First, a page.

New MS support policy takes Win2k off death row
Strip away the undergrowth, and it's all pretty positive
Analysis Following up on our slightly baffled take on Microsoft's new product lifecycle policy, which was announced earlier this week, senior marketing manager Lars Ahlgren called us up with a few clarifications. And although the big list of products is still currently messy (Lars says this should be fixed shortly) the core new policy is actually pretty positive, and has some interesting implications and consequences.
The intent now is that the major Microsoft products will now have a "mainstream" supported life of five years, while for business versions it'll then be possible to buy two years "extended" support. Specifically this means Windows 2000 Pro gets a full five year lifespan, whereas until the beginning of this week it was due to go into the red zone on 31st March 2003. WinXP Pro will now get mainstream support until the end of 2006.
Much of the other stuff in the big Microsoft list as it is currently constituted seems to have made it there because of somebody's misguided attempts to be comprehensive, and the inclusion of service pack dates simply confuses the issue further; the things to hang onto are, first, five plus two for major products in business, just five for home, and this is a forward-looking policy, so the apparently screwy dates for many products predating Win2k don't match the new policy, because it's not intended to be retro-fitted too deeply.
Viewed in that light, the switch is revolutionary. Microsoft's previous policy was to terminate on the basis of "n + 2" (i.e. current product plus two predecessors supported), which could mean a product going out of support as little as three years from launch, and which also had a queer side-effect we hadn't noted, but which Ahlgren drew to our attention. If you never produce an upgrade for the product, then when do you stop supporting it? It was also tricky to second-guess whether a product was going to be a fix, an upgrade or a successor. So the support period for, say, Win95 would be seriously affected by how many of the 98, 98SE and WinME revs Microsoft decided counted towards the policy.
The five years therefore gives people fixed, predictable dates to work with, and takes a great deal of pressure off businesses who're running Windows 2000 and don't see an immediate need to upgrade to WinXP. Skipping Windows XP entirely still won't be an option for them if Microsoft really isn't planning an interim OS prior to Longhorn (it keeps saying it isn't, everybody keeps not believing it), but businesses are no longer looking down the barrel of a gun from next April. Of course to make it totally simple for them to stick with Win2k after then it would be necessary for Microsoft to amend the OEM licences that include the April cut-off, in line with the new guidelines. Let us know if this doesn't happen soon, friendly OEMs.
Ahlgren also had some interesting things to say on service packs. The policy for these is now that the current and the previous will be supported, the previous being supported for "up to 12 months" (wording fuzz here, Microsoft - you just mean "12 months", don't you?) after the release of the current one. He says Microsoft encourages people to apply the most recent service pack, and we can't really fault them on that, given that a service pack should surely be thought of as part of Microsoft's support, and if you won't apply the fixes then what the blazes are you doing phoning up for fixes? But there may be reasons why people haven't installed the most recent one - Win2k SP3 breaks things for some people, and the regrettable new licence agreements for 2k SP3 and XP SP1 mean others have religious objections. So supporting the prior service pack is fair and rational, and cajoling people into at least installing it is reasonable.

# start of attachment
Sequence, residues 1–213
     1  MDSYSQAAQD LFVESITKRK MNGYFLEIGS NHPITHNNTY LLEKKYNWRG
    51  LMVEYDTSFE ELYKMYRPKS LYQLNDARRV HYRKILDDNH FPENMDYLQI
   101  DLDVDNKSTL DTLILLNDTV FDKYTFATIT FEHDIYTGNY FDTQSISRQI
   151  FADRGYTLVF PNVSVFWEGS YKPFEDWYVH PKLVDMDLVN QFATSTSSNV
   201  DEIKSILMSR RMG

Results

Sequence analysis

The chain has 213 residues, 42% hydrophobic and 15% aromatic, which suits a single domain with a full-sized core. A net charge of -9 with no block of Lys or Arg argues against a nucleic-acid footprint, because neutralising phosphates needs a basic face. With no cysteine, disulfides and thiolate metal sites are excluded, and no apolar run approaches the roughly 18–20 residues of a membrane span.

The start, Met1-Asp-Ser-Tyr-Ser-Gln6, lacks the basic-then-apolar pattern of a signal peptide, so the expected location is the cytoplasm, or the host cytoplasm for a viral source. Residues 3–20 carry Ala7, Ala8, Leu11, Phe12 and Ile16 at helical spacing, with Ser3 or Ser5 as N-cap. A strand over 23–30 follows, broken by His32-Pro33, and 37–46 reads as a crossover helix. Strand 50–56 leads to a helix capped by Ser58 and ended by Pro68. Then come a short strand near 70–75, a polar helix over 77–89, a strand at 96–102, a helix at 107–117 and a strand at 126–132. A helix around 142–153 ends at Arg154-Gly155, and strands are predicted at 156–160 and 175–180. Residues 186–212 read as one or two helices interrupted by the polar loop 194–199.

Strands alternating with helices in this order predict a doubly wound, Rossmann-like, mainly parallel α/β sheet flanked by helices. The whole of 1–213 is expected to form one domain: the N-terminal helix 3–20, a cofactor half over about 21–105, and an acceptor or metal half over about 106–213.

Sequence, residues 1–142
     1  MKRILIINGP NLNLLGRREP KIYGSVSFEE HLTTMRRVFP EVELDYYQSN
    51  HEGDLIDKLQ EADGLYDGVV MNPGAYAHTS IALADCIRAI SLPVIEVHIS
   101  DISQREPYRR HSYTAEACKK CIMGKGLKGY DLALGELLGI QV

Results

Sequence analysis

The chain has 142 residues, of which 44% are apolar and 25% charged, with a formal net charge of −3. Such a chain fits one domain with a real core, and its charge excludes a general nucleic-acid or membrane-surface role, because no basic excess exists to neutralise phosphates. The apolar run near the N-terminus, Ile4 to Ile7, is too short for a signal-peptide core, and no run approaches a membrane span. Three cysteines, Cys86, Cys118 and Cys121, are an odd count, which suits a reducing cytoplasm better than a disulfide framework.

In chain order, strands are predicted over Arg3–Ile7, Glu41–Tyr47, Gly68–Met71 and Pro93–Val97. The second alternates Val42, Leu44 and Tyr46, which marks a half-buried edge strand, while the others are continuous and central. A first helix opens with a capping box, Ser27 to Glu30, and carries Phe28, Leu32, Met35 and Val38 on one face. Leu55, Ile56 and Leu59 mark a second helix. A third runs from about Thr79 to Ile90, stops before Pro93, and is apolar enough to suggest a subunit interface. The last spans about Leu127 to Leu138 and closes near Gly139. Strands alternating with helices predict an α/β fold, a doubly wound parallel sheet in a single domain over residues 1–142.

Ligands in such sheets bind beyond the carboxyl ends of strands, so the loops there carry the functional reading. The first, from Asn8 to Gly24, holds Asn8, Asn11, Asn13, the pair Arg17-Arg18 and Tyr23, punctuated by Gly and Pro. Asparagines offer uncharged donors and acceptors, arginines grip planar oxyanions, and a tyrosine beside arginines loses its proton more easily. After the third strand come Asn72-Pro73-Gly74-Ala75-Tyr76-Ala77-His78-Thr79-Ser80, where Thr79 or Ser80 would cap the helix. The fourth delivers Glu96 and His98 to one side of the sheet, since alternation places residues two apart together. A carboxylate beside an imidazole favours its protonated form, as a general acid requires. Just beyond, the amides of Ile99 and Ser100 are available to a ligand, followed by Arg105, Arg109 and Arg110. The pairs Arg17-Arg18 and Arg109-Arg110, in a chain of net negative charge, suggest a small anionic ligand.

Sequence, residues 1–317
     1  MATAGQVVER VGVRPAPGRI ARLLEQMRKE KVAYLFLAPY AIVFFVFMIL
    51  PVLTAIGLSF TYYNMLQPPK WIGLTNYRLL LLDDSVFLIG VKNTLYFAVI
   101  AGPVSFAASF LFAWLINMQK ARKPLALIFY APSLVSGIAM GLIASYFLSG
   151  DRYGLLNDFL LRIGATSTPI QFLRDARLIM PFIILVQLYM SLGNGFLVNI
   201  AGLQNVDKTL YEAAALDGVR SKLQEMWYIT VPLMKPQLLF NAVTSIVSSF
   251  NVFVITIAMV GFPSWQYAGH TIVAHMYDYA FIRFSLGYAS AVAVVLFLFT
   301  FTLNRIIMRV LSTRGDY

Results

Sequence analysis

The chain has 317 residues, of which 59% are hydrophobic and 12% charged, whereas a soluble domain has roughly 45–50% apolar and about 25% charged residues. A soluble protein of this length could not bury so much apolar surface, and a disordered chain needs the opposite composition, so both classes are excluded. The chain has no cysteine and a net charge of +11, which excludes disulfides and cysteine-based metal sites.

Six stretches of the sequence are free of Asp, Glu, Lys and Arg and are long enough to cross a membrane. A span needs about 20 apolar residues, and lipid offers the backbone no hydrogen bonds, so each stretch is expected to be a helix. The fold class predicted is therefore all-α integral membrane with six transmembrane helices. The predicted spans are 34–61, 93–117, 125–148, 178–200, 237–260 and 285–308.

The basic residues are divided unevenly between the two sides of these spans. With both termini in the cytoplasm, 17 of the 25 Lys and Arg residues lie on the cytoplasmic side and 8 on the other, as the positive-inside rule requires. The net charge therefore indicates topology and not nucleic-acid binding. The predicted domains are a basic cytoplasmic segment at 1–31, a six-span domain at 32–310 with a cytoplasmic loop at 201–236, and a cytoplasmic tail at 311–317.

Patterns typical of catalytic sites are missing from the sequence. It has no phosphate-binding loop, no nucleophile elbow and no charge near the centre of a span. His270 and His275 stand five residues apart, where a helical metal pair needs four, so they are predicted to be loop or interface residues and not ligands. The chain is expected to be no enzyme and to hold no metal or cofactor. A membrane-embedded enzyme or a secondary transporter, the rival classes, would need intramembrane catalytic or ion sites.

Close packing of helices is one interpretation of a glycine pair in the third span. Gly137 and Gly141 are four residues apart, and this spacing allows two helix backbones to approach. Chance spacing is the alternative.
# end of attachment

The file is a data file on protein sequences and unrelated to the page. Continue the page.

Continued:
Service packs however can be very large, and not everybody has broadband, so you can only reasonably expect people to install them if you encourage their free distribution via CD, on magazines, with driver discs etc. Service packs also frequently include new features rather than just fixes, and this has been a long-standing grouse for businesses. Some years back Microsoft responded to such grouses by promising to keep service packs and product enhancements separate, but this (you'll have noticed) has slipped again. Ahlgren accepts this, and says the company will make further efforts to differentiate between the two.
So we have a new policy that is so clear, rational and reasonable that it's really quite difficult to count the horse's teeth. We might note that Microsoft would possibly be a little less keen on supporting products for up to seven years if it wasn't anticipating a lengthy gap before the next big one. And as XP and 2k are pretty similar, and the 9x generation is all but expired already, OS support ought to be getting simpler for the company. Security policy is also possibly a little less liberal than it might be, as "Hotfixes developed for the current shipping service pack will not be automatically created for the immediately preceding service pack... Security patches released with bulletins from the Microsoft Security Response Center will be reviewed and built for the immediately preceding service pack whenever commercially viable."
So it will still be more complex and time-consuming if you hold off the most recent one, and that "whenever commercially viable" rider is a worry. But still, not a bad effort overall. ®